To produce food and feed, farming uses a range of inputs including fertilisers, pesticides, energy and animal feed. In addition, labour and land is required as well as depreciation of capital. Minimising the use of these inputs is an important policy driver to improve productivity and hence improve profitability whilst reducing the environmental impacts of farming. Farm practices and the use of inputs (particularly fertilisers and pesticides) directly influence the environmental pressures from farming including the quality, composition and availability of habitats and impact on air, water and soils. Volume of inputs may therefore be considered an indirect measure of pressure on a range of natural capital assets.
This indicator should be viewed alongside indicator ‘E2 Volume of agricultural production’ and other indicators in the framework relating to the condition of natural capital assets. The index of the volume of inputs is an overall measure of the total inputs used with price effects removed. This includes all inputs including intermediate consumption, land, labour and depreciation of capital.
Readiness and links to data
As of 2022, the data published on total factor productivity for England by farm type are no longer labelled as experimental statistics and are therefore considered to be a robust source of data for this indicator. The data presented here are collated via the Farm Business Survey and are updated annually. Data on the total factor productivity of the agricultural industry in the UK are still published as National Statistics.
Figure E3: Volume of inputs used in agricultural production in England, 1990/1991 to 2021/2022
Table E3: Volume of inputs used in agricultural production in England, 1990/1991 to 2021/2022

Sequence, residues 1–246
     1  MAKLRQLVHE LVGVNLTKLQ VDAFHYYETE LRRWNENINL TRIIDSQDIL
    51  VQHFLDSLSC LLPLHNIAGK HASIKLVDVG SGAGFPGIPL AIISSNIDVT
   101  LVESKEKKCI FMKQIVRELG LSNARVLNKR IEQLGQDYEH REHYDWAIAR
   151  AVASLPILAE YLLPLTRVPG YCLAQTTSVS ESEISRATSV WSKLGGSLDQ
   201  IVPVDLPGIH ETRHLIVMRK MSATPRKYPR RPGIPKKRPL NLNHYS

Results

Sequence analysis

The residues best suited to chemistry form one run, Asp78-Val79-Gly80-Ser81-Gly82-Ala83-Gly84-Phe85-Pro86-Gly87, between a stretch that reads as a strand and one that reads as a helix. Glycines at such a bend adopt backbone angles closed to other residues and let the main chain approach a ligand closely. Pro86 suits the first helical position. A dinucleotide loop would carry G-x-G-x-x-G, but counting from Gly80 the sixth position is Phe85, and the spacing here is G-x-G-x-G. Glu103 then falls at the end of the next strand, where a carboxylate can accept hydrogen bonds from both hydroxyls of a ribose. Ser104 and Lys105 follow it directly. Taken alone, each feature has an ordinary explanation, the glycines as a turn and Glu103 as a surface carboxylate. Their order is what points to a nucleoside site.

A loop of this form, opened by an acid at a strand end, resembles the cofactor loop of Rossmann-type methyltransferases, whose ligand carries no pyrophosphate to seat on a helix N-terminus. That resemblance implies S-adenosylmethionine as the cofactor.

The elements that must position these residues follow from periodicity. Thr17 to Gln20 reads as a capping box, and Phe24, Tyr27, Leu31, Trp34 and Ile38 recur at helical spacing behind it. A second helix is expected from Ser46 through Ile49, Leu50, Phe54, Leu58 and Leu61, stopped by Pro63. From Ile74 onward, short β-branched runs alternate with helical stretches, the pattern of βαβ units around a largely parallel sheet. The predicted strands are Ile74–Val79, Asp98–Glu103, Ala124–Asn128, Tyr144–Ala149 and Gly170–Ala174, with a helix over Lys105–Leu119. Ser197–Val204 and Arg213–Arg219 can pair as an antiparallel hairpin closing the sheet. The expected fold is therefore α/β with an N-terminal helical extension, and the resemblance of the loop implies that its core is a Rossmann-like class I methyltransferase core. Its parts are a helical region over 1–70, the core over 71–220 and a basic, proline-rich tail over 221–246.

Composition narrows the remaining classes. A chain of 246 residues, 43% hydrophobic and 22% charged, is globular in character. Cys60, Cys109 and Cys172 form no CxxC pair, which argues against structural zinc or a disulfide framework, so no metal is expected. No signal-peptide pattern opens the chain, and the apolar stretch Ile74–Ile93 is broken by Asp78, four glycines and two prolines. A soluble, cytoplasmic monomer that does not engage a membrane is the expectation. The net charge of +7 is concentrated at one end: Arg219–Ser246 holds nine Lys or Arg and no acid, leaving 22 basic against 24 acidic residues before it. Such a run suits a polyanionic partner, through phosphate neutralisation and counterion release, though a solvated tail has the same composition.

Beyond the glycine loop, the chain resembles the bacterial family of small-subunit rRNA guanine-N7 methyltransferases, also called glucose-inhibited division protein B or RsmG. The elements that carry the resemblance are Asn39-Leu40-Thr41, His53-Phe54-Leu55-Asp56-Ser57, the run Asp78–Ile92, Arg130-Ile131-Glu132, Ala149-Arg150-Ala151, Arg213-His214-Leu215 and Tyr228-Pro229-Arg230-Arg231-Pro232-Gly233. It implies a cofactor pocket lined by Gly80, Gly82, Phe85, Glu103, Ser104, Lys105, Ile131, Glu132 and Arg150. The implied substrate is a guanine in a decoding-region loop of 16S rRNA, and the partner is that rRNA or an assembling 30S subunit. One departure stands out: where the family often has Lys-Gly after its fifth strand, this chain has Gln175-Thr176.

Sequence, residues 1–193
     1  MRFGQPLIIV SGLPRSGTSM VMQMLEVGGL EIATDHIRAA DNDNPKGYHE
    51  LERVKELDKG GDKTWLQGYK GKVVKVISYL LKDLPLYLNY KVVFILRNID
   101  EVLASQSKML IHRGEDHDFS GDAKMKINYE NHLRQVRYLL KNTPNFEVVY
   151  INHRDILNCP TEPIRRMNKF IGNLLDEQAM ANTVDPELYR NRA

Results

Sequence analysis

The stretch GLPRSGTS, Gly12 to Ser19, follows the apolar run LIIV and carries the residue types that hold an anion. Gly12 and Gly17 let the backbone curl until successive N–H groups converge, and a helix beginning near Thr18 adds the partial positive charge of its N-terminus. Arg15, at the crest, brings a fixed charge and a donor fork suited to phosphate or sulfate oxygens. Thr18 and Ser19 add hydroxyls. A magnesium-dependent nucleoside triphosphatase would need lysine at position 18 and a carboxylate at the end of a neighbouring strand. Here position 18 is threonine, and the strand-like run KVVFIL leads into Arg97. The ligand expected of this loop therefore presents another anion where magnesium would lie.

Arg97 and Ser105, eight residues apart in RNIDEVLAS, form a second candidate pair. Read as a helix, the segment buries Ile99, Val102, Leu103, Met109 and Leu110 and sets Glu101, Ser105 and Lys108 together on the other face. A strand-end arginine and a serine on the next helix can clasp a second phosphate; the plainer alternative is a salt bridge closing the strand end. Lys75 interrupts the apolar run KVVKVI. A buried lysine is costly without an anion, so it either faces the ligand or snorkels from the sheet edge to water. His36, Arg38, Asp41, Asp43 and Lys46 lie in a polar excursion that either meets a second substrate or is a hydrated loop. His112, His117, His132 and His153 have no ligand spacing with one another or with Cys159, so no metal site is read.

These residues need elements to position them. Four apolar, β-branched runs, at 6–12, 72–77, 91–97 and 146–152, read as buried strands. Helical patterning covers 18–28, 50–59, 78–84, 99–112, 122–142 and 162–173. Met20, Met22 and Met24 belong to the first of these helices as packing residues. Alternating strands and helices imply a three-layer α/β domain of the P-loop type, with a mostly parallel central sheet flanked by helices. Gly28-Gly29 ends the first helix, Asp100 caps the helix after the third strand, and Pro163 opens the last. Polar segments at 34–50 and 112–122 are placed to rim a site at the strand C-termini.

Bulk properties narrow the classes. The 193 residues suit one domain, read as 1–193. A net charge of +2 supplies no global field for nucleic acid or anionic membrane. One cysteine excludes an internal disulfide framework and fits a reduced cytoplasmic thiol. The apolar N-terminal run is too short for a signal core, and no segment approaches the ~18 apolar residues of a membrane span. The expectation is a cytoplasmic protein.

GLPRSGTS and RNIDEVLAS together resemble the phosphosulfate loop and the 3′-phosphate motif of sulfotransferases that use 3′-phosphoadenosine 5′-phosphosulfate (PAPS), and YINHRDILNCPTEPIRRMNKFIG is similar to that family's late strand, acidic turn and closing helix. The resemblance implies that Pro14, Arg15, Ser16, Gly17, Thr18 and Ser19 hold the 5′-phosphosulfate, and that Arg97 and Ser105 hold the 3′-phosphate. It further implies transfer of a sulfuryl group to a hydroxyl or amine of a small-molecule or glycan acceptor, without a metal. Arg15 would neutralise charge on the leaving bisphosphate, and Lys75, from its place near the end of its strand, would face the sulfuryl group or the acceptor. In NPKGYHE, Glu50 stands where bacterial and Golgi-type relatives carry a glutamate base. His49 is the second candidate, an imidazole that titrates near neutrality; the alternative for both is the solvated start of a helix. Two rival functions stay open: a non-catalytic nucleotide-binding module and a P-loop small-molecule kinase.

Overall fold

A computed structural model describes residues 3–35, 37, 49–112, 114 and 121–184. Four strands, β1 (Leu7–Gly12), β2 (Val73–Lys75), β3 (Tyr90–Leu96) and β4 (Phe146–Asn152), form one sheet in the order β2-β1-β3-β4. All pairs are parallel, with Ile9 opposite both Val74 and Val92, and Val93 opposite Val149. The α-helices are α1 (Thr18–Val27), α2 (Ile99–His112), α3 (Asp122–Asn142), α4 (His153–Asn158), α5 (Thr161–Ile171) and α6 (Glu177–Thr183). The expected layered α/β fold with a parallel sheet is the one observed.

Trend description for E3
The volume of inputs used in agricultural production in England has shown an overall decline of 17% since 1990/1991. Most of this decline took place between the late 1990s and 2006. Following a period of increase up to 2017/2018, there have been year-on-year declines, and in the latest year (2021/2022) the volume of inputs used in agricultural production in England fell by 5%.
Assessment of change
Little or no change in volume of inputs used in agricultural production has been observed over the short term, and in the medium term. This is in contrast to long-term decreasing trends. It is not possible to simplistically categorise these changes as either an ‘improvement’ or ‘deterioration’ for the environment as this will depend on the types of input driving change. An increase in inputs of pesticide and fertiliser would likely have a negative effect, but this indicator also includes other inputs such as labour. This indicator is included in the Outcome Indicator Framework to help interpret the reasons behind changes in ‘E4 Efficiency of agricultural production measured by Total Factor Productivity’.
Change since 2018 has also been assessed. There has been a decrease in volume of inputs used in agricultural production since 2018. However, this result is based on only 4 data points so should be considered as indicative and not evidence of a clear trend.
Further information on this assessment, along with details on the methodology, is provided in the Assessment background page. Summaries by 25 Year Environment Plan goal and information on indicator links are presented in the Assessment results pages.
Table E3: Assessment of change
|Component||Subcomponent||Period||Date range||Percentage change||Smoothing function||Assessment of change|
|E3||None||Short term||2015/2016 to 2020/2021||-0.51||Loess||Little or no change|
|E3||None||Medium term||2010/2011 to 2020/2021||1.96||Loess||Little or no change|
|E3||None||Long term||1990/1991 to 2020/2021||-10.83||Loess||Change (decreasing)|
Note that assessment categories were assigned based on smoothed data, so percent change figures in Table E3 may differ from unsmoothed values quoted elsewhere.